(Side note of one of the cons: truth be told: Brett Ratner isn’t a bad director. He’s made some good, solid films. But his personality in this age of excess Internet access, excess fan boy opinion and excess information overall isn’t a good combo for selling him as a name director to his core audience. Say what you will, but Ratner loves movies and moviemaking and this film showcases that. I think every good filmmaker has a “sword and sandal” movie in them – some have gotten to make one, some probably won’t. But in the pantheon of good modern ones: Hercules is on the list.)
Overall, this presentation is about as perfect as you could get. It gets boring to write and read that nowadays, but it’s true. The film is presented at a 2.40 aspect ratio (1080p) with good colors, solid blacks and all that. Sound is DTS-HD 7.1 Master Audio doing what it does – sounding all cinematic and big. Dialogue is balanced, channel separation is sold and there is good rattle and boom. For those looking, on board are optional French and Spanish DD 5.1with English, SDH, French, and Spanish subs.
The bonus features are okay. Fluffy and PR driven at best – nothing immersive. First up, there are two cuts of the film – the theatrical and the extended cut. The extended cut drops in about four minutes of character stuff around General Sitacles and some more darkness for Herc. I prefer the extended cut, but if you like your movies as you saw them in theaters, that’s here too. The theatrical cut is where you will find a commentary with Ratner and producer Beau Flynn. It’s a good discussion covering Ratner’s want to do a sword and sandal feature, the comic source, all of the ins and out of development – it’s a good solid standard commentary. Enjoyable but nothing earth-shattering. There are also about fifty or so minutes of featurettes – all, as I said, PR EPK based, but well-produced and informative. There an Introduction with Ratner and Dwayne Johnson talking about this being a passion project for both of them. Hercules and His Mercenaries looks at the cast in their own words. Weapons! showcases some of the rather cool weapon designs in the film. The Bessi Battle is about stunts and choreography looking at the barbarian horde fight marking the turning point of the film. And The Effects is just what you think it is: special and computer generated effects. Closing it all out is a selection of Deleted and Extended Scenes. There are fifteen total, running about fifteen minutes and all of it could very well have made it back into the film – and some should have; including a nice send-off for one of the characters and a happy ending that maybe put too much of a bow on the film – but this type of film deserves that kind of hooray of a wrap up.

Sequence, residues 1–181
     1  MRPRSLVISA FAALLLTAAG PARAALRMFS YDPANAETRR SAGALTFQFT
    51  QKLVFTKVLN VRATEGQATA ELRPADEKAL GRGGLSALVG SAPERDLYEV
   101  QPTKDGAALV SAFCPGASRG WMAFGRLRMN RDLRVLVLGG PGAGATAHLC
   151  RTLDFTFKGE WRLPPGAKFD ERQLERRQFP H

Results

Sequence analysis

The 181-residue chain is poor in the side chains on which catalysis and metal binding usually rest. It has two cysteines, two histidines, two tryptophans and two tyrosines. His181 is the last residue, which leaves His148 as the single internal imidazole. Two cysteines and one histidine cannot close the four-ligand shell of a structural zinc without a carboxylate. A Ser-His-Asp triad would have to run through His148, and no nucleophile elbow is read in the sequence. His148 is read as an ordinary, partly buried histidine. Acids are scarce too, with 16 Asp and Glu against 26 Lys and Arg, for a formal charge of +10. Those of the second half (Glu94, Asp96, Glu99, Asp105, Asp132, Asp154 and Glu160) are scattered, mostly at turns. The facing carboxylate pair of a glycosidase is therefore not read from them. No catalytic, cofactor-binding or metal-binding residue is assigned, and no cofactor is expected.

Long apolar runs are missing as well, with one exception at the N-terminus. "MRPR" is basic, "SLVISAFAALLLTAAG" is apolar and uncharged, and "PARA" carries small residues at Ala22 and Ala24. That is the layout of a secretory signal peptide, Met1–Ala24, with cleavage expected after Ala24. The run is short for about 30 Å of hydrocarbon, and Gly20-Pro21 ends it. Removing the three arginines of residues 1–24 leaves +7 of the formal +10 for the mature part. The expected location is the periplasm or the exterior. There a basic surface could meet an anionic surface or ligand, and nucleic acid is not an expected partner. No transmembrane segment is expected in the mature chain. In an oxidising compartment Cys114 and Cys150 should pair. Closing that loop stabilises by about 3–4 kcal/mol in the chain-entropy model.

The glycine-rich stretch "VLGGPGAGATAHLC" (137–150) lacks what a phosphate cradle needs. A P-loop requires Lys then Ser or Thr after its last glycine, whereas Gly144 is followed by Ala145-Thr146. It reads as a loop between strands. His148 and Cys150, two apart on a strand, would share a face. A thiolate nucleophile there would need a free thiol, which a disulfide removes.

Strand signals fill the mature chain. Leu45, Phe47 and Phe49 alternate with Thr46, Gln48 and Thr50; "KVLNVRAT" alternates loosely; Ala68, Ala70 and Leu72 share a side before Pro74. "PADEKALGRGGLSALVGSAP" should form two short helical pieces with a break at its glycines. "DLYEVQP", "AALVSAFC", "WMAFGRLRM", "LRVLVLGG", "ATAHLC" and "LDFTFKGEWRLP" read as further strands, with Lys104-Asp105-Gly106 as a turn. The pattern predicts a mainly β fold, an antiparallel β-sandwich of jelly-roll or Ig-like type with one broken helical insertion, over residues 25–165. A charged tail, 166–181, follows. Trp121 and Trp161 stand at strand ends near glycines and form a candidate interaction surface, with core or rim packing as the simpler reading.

I have no idea how they could have made a better trailer, but I know they could have. If they sold this film a little better – maybe kept the big effects out and focused on the mercenary angle – this film wouldn’t have looked like more of the same and bad more of the same at that. As it stands, I’m hoping more people discover how not terrible this film is on Blu-ray. I’m not sure how many times I’ll watch it again, but I will say that it looks to be one of those movies I don’t turn off when I stumble on it as it plays on TNT or FX in a few years. And that my friends, is a high compliment.
- Todd Doogan